The last two weeks have been heavy. A community has been in grief. It was difficult to describe the tension in the few days after the incident, just people walking around, blank looks on their faces, people trying to look strong. I for one, was at a loss because for once in my life words failed me. I didn’t know how to describe how I felt.
I have written short stories about suicide and death, grief and loss. I do these things not as a means to get closer to these issues, but to distance myself from them. I know very well that what I write is fictional, that though the themes might have played out before in different combinations it certainly hasn’t played out in the way I imagined in my head. I console myself in that way. Sometimes the sadder the story, the more content I feel writing it. It’s a balance between living in a world I know is made up yet keeping one foot grounded in reality. Finally when the story comes to fruition my feelings go full circle and I am pushed back into this world, the door shuts on my imagination and I am back where you guys are. It’s a perverse sort of pleasure.
The incident has forced me to view things from the other direction. It forced all of us to behold the facts, before attempting to imagine what might have driven someone to do what they did that day. Rather than a world of possibilities opening up, it felt like a heavy door had been shut, followed by a vacuous slamming sound that signalled the absoluteness of the act. I struggled to come to terms with it. All my attempts at imagining how this happened failed, and I am sure this felt the same for most of those around me. I didn’t write about this precisely because what I felt wasn’t something I had ever written about before. I only knew of the limited range of emotions in my head that I put into stories. How inconsequential all those attempts at synthesising grief or sadness seemed now.
So instead we did something very different. The first instinct for many of us millennials is to hide behind a keyboard when things got tough, but this incident taught us to do anything but. Instead, we began to reach out. we began to take each other seriously in real life conversations. We began to ask the important questions such as “how are you” and “how has it been”. We sought help in each other rather than in ourselves. Because in times like these it becomes evident that no one can make it through life on their own.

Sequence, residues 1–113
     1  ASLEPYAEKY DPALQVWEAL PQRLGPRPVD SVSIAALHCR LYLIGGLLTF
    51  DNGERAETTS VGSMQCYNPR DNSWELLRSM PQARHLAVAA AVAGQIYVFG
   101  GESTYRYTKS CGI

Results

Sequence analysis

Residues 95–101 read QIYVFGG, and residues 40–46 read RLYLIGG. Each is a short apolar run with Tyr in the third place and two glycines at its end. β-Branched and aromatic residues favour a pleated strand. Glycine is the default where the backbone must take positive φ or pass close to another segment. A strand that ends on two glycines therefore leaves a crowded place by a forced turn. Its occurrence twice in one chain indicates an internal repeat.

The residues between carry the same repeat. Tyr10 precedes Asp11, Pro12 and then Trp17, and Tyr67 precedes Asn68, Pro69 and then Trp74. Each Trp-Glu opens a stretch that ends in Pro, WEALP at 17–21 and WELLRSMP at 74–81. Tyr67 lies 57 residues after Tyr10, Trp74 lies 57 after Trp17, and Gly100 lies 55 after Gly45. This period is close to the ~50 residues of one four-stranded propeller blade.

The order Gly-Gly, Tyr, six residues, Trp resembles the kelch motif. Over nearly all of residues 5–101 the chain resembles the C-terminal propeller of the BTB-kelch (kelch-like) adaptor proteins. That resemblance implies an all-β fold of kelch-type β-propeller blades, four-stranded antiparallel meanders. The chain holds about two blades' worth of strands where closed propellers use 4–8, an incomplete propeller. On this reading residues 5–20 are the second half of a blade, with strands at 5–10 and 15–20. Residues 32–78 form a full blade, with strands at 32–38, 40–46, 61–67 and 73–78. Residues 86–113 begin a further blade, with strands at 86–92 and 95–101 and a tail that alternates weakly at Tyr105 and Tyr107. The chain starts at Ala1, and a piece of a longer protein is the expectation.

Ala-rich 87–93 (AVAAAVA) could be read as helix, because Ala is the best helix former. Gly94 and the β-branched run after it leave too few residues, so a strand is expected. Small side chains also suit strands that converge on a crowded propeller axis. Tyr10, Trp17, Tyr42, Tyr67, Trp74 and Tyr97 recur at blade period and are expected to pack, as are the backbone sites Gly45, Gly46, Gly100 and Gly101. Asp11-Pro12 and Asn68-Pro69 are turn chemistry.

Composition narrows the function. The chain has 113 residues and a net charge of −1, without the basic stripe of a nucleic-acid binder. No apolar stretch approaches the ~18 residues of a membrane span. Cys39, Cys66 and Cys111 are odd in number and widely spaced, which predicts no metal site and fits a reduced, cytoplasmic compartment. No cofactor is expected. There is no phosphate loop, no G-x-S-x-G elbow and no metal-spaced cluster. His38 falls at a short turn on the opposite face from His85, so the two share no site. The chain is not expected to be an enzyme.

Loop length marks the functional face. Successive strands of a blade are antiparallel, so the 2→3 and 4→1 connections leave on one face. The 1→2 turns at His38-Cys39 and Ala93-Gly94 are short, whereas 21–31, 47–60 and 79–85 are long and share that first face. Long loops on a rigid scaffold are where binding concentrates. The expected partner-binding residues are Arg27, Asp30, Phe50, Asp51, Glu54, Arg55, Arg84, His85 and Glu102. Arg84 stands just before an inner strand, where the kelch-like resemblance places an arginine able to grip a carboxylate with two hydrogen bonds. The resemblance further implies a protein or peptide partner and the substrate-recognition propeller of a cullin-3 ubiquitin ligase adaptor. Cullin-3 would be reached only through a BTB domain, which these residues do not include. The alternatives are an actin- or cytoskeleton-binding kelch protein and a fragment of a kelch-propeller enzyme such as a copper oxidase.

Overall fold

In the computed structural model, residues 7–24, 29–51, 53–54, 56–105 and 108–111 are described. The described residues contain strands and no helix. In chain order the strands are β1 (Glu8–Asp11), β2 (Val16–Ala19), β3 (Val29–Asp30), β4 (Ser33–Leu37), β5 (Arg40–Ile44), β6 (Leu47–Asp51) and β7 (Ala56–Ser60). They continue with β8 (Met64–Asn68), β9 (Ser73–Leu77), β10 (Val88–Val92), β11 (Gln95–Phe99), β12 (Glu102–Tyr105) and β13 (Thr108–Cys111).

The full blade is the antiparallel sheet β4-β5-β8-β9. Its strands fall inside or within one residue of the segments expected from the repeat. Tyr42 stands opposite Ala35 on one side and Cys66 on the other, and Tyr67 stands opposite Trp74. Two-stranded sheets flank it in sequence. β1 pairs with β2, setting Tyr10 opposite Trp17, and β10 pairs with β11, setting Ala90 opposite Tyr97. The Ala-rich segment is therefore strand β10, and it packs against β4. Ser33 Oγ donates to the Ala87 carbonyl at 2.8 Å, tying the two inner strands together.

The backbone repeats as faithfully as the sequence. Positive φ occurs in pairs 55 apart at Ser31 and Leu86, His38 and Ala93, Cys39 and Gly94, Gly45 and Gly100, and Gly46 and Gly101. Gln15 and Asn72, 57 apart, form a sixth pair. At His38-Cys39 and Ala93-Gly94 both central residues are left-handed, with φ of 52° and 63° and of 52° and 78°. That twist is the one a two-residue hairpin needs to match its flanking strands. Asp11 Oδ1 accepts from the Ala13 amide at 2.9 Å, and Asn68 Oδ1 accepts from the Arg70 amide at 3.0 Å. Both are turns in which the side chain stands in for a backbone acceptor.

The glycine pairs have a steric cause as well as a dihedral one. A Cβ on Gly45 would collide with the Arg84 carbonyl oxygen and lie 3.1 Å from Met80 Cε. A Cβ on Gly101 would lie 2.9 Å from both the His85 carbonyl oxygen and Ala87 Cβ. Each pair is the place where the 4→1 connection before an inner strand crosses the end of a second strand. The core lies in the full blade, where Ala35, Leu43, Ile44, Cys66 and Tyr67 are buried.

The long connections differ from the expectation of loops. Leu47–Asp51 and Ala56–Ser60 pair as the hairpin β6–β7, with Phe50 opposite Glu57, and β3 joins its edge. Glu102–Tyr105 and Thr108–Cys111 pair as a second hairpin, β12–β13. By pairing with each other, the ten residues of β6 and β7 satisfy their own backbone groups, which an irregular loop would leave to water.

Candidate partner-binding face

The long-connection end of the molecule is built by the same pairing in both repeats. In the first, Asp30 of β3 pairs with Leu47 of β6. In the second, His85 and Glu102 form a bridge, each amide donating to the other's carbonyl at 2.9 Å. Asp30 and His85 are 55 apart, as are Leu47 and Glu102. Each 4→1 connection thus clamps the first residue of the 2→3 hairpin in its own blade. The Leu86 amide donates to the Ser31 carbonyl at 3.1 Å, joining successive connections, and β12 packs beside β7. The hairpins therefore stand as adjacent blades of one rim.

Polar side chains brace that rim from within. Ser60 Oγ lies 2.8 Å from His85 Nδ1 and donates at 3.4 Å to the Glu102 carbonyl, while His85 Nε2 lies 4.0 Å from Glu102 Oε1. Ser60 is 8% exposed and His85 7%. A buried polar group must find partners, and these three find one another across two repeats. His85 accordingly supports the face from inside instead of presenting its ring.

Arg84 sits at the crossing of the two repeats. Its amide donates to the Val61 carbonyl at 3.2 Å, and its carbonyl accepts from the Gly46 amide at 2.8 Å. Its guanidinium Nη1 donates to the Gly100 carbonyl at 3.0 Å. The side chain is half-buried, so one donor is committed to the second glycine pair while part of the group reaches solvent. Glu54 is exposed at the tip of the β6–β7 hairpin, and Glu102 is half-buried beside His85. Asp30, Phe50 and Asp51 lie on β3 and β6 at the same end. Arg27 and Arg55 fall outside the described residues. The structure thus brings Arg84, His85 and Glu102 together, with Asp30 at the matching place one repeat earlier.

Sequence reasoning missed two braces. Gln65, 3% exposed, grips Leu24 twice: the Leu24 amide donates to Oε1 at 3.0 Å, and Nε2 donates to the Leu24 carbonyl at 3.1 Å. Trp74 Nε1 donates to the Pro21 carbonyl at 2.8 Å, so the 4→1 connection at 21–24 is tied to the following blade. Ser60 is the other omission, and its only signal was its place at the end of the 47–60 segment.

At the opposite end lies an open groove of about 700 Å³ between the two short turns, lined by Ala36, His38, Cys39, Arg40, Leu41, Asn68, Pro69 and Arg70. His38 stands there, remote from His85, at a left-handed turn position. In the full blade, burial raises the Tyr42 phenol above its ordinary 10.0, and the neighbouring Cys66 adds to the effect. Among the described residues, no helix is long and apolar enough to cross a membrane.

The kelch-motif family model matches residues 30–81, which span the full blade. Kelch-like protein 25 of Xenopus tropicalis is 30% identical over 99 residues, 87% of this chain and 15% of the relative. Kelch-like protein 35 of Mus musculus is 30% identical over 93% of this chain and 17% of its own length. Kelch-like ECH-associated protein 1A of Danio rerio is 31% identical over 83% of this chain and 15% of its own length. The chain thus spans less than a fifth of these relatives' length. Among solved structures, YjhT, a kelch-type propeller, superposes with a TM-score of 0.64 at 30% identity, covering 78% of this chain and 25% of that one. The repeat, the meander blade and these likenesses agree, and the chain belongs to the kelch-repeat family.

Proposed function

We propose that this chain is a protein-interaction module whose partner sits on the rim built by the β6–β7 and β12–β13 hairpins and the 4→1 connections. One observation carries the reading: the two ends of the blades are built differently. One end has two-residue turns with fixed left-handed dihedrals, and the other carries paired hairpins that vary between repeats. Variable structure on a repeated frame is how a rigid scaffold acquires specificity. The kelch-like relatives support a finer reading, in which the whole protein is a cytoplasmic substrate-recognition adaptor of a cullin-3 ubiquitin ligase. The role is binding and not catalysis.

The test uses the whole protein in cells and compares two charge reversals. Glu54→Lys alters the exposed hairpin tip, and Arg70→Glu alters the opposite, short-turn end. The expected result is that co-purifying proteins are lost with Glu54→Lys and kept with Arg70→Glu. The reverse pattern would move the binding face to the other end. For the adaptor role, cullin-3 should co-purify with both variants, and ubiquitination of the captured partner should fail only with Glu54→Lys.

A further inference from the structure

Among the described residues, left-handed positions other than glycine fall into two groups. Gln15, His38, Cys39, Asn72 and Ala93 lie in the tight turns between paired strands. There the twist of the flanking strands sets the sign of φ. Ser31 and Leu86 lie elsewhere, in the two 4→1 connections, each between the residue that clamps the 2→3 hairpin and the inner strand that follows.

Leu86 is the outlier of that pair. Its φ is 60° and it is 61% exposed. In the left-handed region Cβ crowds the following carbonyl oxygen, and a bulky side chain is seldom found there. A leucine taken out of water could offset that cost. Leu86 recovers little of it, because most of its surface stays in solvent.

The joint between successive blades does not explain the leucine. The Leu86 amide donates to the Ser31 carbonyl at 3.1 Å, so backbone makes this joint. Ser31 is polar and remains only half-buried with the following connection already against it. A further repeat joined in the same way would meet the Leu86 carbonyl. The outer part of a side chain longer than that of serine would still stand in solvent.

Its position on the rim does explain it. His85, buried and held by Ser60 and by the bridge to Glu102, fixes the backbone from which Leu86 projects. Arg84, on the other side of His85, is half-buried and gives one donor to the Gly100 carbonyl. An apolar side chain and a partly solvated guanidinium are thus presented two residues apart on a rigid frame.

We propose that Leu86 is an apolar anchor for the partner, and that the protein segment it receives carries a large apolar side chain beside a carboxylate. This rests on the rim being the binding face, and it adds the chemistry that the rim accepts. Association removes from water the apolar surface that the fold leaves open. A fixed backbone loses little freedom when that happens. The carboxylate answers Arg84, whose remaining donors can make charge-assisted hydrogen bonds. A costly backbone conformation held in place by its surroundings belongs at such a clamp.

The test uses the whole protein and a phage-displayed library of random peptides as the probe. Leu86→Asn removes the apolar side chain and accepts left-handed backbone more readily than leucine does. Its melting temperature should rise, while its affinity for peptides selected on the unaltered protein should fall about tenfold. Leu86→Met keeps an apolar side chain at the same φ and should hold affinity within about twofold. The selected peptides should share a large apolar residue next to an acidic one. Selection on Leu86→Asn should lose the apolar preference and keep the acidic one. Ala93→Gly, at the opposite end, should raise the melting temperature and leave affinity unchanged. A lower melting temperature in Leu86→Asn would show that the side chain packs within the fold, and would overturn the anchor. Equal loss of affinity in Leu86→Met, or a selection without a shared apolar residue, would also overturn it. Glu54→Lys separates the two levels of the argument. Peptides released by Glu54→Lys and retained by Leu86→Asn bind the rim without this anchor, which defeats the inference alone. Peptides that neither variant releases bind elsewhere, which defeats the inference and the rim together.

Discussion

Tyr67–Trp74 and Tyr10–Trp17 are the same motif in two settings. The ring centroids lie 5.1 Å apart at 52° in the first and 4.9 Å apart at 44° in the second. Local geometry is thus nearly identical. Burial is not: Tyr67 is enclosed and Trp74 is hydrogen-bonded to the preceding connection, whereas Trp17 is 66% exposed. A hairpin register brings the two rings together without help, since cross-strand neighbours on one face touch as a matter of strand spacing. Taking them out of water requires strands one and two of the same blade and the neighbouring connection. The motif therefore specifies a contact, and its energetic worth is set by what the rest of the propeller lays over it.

Because we don’t know if people want to be alone or not, whether they chose to or whether they were driven there by circumstance. We cannot assume that loneliness is our end state. Because it really isn’t. Loneliness is a progression to greater things but never the greater thing itself. If I had any regrets, they would come later on when I thought back about my interactions with the person. It always went back to not treating people better when we had the chance, of the words we should have said and the things we should have done. This doesn’t just pertain to the person in question, but to all the other peripheral and main characters in your life that come and go and whom you always assume are okay. But it doesn’t take so much effort to put our phones away and ask them about their interests and passions, about their struggles and stories. We die a little every day when we disregard the narratives of others, and to act that way is as good as feeling that way, regardless of your intentions.
Treasuring your life and living it to the fullest is not a selfish act, because living life to the fullest includes taking care of those around you and being present to the best of your abilities. As my favourite author puts it:
“People die all the time. Life is a lot more fragile than we think. So you should treat others in a way that leaves no regrets. Fairly, and if possible, sincerely. It’s too easy not to make the effort, then weep and wring your hands after the person dies.”
In other words, we should reach out when we can, and learn to never leave things unsaid.
I hope you’ve found a better place to be, and may we all promise to live our lives to the fullest; if not for ourselves, then for the people around us.